That isn’t to say that the majority of prisoners are in for shoplifting or other misdemeanours. Bellamy has a look through the prisoner manifest and sees that they have considerable rap sheets mostly containing murder. There may be depth and variety to this new population but the episode makes it clear that they are very dangerous people.
The scenes in space play out a little like a horror movie with the characters heading into unfamiliar territory with no idea what to expect. At first the ship is really uninviting with dark confined corridors and an ominous alarm signalling danger when they first alive. They are all apprehensive about their presence there which keeps the tension heightened as they and the audience wait for something to go wrong. When a prisoner does attack it feels like the situation is resolved a little too easily but the slow increase in tension works well.
Their goal is to find fuel so that they can head back to the surface and that is certainly achieved but it does come at a cost to them. The discovery of cryo tubes containing 286 prisoners sets up a considerable threat to them that combines with the prisoners on the surface to create a very dangerous scenario. Tech genius Raven is able to manipulate the system so that the cryo tubes can be turned off and kill the prisoners which gives them leverage in a negotiation.
Rigging a system so that nearly 300 people can be killed at a moments notice is a really brutal tactic that isn’t out of place on this show. People have justified some really horrific actions over the years out of belief that it’s necessary. Bellamy has clearly changed a great deal in the 6 years he has been in space as he isn’t keen to repeat past mistakes and he certainly doesn’t want to give an order that would result in that much death. It’s blood on his hands that he doesn’t want and he wouldn’t want Raven to shoulder that burden either so he is fully committed to finding another way. Considering his past exploits where he presided over a massacre at the instruction of someone else this makes for a notable step forward for him. It’s a clear example of someone learning from their mistakes and being burdened by the resulting guilt of the questionable things he knowingly went along with.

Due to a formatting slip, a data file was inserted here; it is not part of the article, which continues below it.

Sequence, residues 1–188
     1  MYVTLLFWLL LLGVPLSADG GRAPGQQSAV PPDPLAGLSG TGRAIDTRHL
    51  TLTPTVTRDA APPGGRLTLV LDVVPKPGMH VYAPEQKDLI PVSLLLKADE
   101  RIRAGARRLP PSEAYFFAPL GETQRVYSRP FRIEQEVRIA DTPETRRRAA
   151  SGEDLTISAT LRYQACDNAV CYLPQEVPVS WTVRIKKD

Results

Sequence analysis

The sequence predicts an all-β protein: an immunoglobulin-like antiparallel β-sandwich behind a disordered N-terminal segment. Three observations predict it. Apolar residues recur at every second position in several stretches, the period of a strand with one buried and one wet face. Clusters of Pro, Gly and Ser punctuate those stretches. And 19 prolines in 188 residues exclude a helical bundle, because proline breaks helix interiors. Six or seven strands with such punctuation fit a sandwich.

Bellamy also demonstrates leadership skills when he accepts that Raven has to stay to operate this contingency plan. Carrying it out is a very technical process that would take time they don’t have to train someone else in how to do it so the logical course of action is that Raven stays and waits for the signal. Bellamy isn’t prepared to give that order but Raven doesn’t take no for an answer and offers two potential avenues to get her to the surface. The first is hitching a ride with the prisoners once Bellamy negotiates a truce with them and the other is an escape pod. Raven is lying about the second option but Bellamy doesn’t know that and lets her stay because there is no other choice at that particular point in time. This clearly weighs heavily on him as evidenced by Bob Morley’s sorrowful performance when he explains the situation to everyone else.
Murphy’s decision to stay is perfectly in keeping with his character. It has been established that he adopted an isolationist approach when living in space and only really interacts with the group when he has to. This is largely out of guilt and self loathing but there’s a suggestion that he wants some form of redemption as he does work with the others when the occasion calls for it and his decision to stay doesn’t seem to be entirely motivated by him being selfish.
One possible reason for his decision is that he struggles to be around Emori. He is shown trying to be around her at any possible opportunity where she is barely able to tolerate him. Both characters are deeply insecure about various thing and are projecting that onto each other creating a really uncomfortable situation compounded by the fact that Murphy clearly still has strong feelings for her. It’s possible that he decides to stay because being around her is too difficult for him.
Another possible reason is simple guilt. He is the cause of Raven’s injury and feels the need to atone for that in some way by making sure that she has company rather than being left up in space alone. This sets up a really interesting scenario around these characters and offers the opportunity to see them forced to interact because there is nobody else around other than a collection of sleeping prisoners. There’s definitely a lot of chemistry to their interactions as well which may end up translating into something romantic though it could just result in a compelling friendship that blossoms under these conditions. Either way they are two fascinating characters who have plenty of opportunity to bounce off one another.